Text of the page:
- It might be possible to support the raked pin holders with a vertical support welded onto the vertical face of the tow bar. - the addition of lateral supports to counter sideways bending might be difficult because if its close location to the anderson plugs that can’t easily be moved but a small gusset might be possible. I could also add an internal breace between the legs to stiffen it up.

    Sorry for showing my ignorance regarding what “hot” means, I guess I was trying to imply that the welds seemed to go down nice and smoothly (I was having a lot of fun burning the 7018s and in the interest of full disclosure they were not dried in an oven before use but had just been stored in a sealed rod holder since the packet was opened some time back.).

    So given the situation, what is the consensus thought of fixing this? i am happy to redesign it if necessary.
    Last edited by Dunk_c; 03-18-2019 at 12:32 PM.

  5. #30
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    Dec 2018
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    Re: Did I ruin this? (Towbar revery point)

    Not to hurt your feelings, but you really have to practice your welding. Learn to drag that rod, not whip it, and do dollops.

    Turn the machine up to at LEAST 125amps, and just drag the rod along while watching how the puddle flows, and builds. It shouldn't take very long before you get it.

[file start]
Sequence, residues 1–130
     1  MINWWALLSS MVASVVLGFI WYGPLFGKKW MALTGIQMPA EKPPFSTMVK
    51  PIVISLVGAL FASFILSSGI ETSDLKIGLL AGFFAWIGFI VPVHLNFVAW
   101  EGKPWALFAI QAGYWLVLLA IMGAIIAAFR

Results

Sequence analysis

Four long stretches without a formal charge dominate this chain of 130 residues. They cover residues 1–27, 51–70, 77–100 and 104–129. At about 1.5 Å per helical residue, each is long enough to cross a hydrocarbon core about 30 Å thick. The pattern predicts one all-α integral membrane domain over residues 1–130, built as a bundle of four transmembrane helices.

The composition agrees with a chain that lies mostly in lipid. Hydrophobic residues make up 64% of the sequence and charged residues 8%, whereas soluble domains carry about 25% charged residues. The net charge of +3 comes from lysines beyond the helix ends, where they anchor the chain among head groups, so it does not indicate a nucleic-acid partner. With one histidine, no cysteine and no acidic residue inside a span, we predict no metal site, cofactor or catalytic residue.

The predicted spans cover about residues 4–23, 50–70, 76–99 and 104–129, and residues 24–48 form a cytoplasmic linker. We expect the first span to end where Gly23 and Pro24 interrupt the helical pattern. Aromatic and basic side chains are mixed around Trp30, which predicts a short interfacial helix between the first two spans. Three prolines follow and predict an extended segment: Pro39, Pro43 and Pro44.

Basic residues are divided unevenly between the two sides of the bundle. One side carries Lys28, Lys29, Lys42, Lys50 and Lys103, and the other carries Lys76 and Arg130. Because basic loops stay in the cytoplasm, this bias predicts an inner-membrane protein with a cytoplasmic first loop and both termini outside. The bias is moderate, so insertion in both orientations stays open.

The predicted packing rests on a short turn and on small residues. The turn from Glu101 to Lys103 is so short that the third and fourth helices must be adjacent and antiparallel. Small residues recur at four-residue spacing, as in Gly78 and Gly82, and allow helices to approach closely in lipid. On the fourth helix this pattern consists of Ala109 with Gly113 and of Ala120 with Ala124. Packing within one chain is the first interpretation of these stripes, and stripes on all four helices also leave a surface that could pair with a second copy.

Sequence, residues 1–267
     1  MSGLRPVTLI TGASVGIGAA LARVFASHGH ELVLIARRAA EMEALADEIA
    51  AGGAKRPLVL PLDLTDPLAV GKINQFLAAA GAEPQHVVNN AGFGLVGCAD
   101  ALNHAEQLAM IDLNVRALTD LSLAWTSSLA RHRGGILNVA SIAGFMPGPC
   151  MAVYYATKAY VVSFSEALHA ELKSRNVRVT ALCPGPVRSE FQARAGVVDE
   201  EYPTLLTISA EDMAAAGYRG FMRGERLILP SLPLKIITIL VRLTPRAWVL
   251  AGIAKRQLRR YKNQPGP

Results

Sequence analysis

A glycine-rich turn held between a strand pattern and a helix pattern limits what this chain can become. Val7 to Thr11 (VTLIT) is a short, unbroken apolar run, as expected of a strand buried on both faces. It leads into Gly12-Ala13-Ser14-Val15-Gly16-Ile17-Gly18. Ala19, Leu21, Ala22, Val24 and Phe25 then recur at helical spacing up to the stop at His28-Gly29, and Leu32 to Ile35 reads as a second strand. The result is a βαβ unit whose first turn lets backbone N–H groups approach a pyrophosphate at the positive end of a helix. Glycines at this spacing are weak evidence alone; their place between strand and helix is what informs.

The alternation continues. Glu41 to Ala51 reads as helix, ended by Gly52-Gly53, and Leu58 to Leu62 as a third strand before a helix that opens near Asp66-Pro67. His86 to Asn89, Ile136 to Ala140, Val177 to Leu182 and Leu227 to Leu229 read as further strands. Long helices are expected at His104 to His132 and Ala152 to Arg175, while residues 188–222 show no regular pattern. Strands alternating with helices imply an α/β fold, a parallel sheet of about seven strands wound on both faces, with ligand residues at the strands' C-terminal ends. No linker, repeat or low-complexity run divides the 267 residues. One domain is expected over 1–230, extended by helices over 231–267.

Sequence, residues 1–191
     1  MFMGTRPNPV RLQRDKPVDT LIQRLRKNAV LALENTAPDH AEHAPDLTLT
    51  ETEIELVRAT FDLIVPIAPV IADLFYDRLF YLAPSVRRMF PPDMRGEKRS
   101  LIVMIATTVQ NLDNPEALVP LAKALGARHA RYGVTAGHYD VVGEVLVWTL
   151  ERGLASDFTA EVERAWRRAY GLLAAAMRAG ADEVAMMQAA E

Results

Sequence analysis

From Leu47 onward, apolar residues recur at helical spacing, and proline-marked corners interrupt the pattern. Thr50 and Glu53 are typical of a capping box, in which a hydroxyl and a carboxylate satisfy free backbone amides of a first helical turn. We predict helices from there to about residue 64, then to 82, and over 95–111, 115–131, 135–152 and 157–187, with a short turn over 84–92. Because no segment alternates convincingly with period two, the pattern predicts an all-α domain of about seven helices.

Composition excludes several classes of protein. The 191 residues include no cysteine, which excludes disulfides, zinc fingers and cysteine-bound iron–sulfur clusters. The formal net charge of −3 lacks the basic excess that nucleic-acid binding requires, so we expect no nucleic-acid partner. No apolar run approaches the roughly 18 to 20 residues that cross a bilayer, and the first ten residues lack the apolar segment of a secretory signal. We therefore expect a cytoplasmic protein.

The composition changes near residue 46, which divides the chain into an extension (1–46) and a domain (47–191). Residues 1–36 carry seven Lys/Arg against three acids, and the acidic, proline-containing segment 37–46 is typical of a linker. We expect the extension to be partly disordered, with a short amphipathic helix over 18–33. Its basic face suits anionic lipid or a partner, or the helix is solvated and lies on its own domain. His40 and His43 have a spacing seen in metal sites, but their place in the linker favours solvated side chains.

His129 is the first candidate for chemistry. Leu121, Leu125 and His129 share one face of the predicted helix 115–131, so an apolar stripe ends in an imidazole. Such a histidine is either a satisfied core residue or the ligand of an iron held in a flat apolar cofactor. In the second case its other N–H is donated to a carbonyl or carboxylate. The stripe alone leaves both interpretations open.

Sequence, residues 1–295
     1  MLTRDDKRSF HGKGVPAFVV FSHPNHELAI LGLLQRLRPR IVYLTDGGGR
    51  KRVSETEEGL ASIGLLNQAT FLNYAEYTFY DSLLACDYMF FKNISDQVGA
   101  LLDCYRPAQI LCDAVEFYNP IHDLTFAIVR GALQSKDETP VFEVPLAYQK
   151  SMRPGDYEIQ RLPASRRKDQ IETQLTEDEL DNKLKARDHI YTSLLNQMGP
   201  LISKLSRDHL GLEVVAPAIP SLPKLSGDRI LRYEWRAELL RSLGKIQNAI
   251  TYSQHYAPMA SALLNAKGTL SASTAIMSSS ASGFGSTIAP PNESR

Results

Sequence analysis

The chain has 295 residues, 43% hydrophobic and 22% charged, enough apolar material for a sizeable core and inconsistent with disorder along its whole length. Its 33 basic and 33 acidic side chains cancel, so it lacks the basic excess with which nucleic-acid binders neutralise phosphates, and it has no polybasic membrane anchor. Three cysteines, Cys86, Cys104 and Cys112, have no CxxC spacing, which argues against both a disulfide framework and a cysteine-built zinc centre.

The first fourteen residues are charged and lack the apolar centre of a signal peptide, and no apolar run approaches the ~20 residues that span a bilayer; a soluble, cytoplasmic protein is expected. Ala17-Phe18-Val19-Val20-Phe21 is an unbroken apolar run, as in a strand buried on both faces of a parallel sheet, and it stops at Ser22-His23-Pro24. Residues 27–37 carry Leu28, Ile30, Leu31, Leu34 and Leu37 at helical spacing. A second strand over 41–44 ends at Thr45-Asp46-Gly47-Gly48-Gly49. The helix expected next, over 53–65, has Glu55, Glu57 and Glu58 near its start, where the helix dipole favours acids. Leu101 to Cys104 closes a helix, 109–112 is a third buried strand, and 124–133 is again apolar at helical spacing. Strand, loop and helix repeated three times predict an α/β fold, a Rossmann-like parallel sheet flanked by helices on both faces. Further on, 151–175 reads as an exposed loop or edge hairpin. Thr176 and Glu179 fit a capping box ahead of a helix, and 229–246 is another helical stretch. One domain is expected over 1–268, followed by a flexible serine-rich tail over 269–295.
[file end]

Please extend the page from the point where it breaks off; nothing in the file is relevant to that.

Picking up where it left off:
6. #31
    Join Date
    Dec 2018
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    1,066

    Re: Did I ruin this? (Towbar revery point)

    On thin material, use 3/32 rod, and run at about 85amps. You'll get it

  7. #32
    Join Date
    Dec 2014
    Location
    Australia
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    20

    Re: Did I ruin this? (Towbar revery point)

    No hurt feelings. Very happy you guys are taking the time out of your day to provide some advice

    Just want this thing to be safe to use. Should have asked advice before starting - lesson to be learnt there!

    Quote Originally Posted by farmersammm View Post
    Not to hurt your feelings, but you really have to practice your welding. Learn to drag that rod, not whip it, and do dollops.

    Turn the machine up to at LEAST 125amps, and just drag the rod along while watching how the puddle flows, and builds. It shouldn't take very long before you get it.
    Last edited by Dunk_c; 03-18-2019 at 12:11 PM.

  8. #33
    Join Date
    Dec 2014
    Location
    Australia
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    20

    Re: Did I ruin this? (Towbar revery point)

    Sorry that should be 75x100x10mm base plate

  9. #34
    Join Date
    Oct 2006
    Location
    Illinois
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    8,727

    Re: Did I ruin this? (Towbar revery point)

    Quote Originally Posted by farmersammm View Post